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Australian dollar hits 6-1/2-yr low, set for another sorry week

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The Australian dollar plumbed a fresh 6-1/2-year low on Friday as renewed worries about global growth encouraged more selling by investors who were already deeply bearish, in turn dragging the New Zealand dollar lower.

[SYDNEY] The Australian dollar plumbed a fresh 6-1/2-year low on Friday as renewed worries about global growth encouraged more selling by investors who were already deeply bearish, in turn dragging the New Zealand dollar lower.

The Australian dollar fell as far as US$0.6960, its lowest since 2009, after key support of US$0.6980 finally gave way. It was last at US$0.6975.

It has slipped 2.8 per cent since Monday and if sustained, it would be the second largest weekly loss this year.

The Aussie was hit on all fronts, even losing ground against a depressed euro. The common currency took a broad hit overnight after the European Central Bank suggested it may have to expand its already massive stimulus program.

The Australian currency also dropped to a two-year trough of C$0.9219 versus its Canadian peer, while it was down 4.5 per cent against the safe-haven yen for the week.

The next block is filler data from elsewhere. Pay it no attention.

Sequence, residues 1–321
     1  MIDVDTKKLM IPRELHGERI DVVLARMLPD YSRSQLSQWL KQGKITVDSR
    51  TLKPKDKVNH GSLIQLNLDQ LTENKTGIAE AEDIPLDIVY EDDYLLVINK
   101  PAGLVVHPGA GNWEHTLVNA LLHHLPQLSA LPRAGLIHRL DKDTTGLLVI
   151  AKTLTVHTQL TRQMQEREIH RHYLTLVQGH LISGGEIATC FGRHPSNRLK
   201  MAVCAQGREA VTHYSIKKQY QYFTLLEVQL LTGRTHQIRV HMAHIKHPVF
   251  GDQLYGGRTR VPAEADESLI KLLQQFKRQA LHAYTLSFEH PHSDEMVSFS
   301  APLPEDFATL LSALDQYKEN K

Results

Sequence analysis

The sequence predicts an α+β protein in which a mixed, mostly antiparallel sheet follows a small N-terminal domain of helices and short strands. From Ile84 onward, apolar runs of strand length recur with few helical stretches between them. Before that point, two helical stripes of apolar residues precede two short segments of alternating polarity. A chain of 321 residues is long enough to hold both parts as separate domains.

Investors have been aggressive sellers of the Aussie in recent weeks, in large part due to heightened concerns about a hard landing for the Chinese economy. China is Australia's top export market.

Focus is on US nonfarm payrolls due later on Friday and a solid payrolls outcome would bolster the case for an interest rate hike by the Federal Reserve this month. Conversely a weak number would cloud the view for a September lift off. "Failing a completely disastrous US employment print, we could easily test US$0.6900 as regional woes (China) compound," said Stephen Innes, a senior trader at FX/CFD firm OANDA Australia and Asia Pacific.

The New Zealand dollar fell in sympathy with the Aussie to US$0.6365.

Investors were beginning to look ahead to the Reserve Bank of New Zealand's policy review meeting next week. The market has fully priced in a cut to the official cash rate by 25 basis points. "If they provide an outlook that suggests that they are not completely convinced that a rate cut is necessary in coming meetings, then that could give the NZD a bit of support," said Chris Tennent-Brown, an economist at ASB. "But likewise if they come out very downbeat, the path of least resistance for the New Zealand dollar is probably down." Analysts predicted the kiwi would fall into the early US$0.6000 range by the end of the year.

New Zealand government bonds were unchanged with yields mostly flat along the curve.

Australian government bond futures rose, with the three-year bond contract up 2 ticks at 98.240. The 10-year contract added 3.5 ticks to 97.3200.

REUTERS